III. Definitions in the Act.
We will now consider four main definitions in the Act which require some explanation as they define employer-employee relationship and premises which are covered under the Act either as mere establishments or as industrial premises. Section 2(f) defines an 'employee' to mean a person employed directly or through any agency, whether for wages or not, in any establishment to do any work, skilled, unskilled, manual or clerical, and includes -
(i) any labour who is given raw materials by an employer or a contractor for being made into beedi or cigar or both at home (hereinafter referred to in this Act as 'home-worker',) and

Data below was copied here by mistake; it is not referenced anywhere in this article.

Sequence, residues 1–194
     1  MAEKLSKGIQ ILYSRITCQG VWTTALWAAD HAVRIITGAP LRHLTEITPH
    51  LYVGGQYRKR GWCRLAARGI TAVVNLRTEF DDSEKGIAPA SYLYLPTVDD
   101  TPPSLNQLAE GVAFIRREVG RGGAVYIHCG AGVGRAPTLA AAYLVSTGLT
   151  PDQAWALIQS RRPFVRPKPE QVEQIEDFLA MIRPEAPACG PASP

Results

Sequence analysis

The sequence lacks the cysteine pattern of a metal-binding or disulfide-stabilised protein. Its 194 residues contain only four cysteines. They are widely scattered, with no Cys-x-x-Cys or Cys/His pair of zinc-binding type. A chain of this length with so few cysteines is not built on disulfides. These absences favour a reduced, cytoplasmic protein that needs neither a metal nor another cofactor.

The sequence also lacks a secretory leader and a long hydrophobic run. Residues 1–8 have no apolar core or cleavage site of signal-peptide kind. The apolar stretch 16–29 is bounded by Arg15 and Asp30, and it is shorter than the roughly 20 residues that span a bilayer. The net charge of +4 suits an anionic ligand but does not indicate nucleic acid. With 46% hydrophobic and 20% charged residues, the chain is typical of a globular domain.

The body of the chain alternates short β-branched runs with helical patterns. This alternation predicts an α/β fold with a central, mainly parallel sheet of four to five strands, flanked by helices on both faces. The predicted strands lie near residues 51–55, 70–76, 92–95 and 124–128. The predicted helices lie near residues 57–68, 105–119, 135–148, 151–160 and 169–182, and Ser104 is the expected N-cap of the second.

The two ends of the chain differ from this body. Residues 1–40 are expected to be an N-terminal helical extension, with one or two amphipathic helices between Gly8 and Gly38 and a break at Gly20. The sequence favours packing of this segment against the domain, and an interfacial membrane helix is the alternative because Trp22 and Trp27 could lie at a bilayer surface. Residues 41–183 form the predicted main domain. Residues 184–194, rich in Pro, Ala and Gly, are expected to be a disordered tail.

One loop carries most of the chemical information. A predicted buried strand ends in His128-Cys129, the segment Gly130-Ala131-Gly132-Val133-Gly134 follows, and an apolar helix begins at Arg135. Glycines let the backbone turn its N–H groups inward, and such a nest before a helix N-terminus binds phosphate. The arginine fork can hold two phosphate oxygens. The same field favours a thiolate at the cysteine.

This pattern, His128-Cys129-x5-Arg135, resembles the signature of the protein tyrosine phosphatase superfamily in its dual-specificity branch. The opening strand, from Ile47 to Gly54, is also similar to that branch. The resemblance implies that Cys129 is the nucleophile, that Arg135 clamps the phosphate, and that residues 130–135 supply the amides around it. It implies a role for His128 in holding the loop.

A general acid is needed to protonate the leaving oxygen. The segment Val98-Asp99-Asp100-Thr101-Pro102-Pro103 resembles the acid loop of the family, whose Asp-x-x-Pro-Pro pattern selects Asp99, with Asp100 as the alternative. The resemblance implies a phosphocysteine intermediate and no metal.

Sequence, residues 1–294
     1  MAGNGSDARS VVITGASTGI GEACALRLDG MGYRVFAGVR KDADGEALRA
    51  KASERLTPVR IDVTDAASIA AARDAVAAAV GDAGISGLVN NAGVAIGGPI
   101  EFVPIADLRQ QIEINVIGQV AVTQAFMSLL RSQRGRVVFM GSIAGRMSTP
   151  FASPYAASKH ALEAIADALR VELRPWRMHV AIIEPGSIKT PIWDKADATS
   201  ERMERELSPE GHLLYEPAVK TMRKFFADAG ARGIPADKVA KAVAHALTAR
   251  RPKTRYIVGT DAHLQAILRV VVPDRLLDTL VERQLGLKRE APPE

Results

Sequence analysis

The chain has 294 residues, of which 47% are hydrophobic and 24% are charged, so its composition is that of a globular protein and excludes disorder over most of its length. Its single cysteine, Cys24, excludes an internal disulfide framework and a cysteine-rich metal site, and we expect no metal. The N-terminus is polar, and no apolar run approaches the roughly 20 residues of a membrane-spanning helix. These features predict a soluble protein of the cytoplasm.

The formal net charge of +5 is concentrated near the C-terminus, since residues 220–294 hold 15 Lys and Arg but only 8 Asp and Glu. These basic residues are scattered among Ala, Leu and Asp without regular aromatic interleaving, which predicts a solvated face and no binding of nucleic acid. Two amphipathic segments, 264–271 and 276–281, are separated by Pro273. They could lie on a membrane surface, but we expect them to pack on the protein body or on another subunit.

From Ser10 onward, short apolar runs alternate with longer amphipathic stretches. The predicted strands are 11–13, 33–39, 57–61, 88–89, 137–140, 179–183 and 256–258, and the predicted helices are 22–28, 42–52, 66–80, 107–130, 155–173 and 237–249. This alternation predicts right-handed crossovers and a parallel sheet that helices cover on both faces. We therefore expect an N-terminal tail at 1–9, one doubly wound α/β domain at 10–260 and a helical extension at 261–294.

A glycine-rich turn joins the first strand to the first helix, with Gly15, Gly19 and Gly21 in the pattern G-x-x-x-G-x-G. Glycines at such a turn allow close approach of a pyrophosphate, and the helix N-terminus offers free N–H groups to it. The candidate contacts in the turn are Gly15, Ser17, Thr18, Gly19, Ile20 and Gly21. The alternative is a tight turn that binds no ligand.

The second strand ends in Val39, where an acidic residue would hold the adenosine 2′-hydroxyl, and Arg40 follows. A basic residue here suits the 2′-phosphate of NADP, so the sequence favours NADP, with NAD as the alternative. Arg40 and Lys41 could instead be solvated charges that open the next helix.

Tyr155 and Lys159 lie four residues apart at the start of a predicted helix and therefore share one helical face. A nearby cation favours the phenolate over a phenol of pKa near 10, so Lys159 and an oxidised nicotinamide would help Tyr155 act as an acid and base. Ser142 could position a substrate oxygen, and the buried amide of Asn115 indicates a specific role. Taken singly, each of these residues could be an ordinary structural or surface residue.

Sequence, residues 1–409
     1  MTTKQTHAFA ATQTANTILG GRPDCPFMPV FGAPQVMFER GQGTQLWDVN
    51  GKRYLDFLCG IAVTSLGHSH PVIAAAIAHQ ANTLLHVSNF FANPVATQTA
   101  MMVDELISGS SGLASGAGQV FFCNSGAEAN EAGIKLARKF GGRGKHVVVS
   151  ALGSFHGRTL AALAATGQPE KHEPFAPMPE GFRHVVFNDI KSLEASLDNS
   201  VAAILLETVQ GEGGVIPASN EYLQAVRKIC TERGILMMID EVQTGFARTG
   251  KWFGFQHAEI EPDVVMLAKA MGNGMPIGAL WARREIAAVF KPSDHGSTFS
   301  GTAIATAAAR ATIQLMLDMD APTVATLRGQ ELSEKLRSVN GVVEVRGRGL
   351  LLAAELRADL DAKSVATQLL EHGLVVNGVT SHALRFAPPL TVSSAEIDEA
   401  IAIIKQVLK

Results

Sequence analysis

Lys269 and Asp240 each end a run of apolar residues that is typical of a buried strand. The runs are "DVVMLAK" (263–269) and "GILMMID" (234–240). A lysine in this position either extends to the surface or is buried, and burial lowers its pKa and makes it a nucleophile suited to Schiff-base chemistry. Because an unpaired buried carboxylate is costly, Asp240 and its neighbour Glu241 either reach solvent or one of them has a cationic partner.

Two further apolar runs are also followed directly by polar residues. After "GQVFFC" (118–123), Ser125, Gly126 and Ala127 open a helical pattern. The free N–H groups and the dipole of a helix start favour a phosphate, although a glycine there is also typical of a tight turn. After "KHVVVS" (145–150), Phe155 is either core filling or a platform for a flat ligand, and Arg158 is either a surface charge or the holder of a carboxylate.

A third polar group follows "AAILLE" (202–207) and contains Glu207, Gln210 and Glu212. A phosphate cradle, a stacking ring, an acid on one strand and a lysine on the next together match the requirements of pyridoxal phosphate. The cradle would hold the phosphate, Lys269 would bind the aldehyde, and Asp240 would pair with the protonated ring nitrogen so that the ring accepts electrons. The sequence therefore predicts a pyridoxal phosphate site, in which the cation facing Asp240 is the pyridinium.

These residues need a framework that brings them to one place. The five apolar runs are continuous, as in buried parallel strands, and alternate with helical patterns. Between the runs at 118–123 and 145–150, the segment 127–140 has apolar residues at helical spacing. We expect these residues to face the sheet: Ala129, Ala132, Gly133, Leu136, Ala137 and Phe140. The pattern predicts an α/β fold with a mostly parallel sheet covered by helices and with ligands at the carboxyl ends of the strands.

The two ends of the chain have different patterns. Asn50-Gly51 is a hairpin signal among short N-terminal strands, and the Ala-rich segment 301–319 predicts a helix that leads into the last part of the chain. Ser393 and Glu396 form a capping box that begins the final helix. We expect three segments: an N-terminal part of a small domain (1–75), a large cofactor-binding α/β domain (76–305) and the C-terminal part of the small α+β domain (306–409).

(ii) any person not employed by an employer or a contractor but working with the permission of, or under agreement with, the employer or contractor;
Section 2(g) defines 'employer' to mean -
(a) in relation to contract labour, the principal employer, and
(b) in relation to other labour, the person who has the ultimate control over the affairs of any establishment or who has, by reason of his advancing money, supplying goods or otherwise, a substantial interest in the control of the affairs of the establishment (sic) are entrusted, whether such other person is called the managing agent, manager, superintendent or by any other name.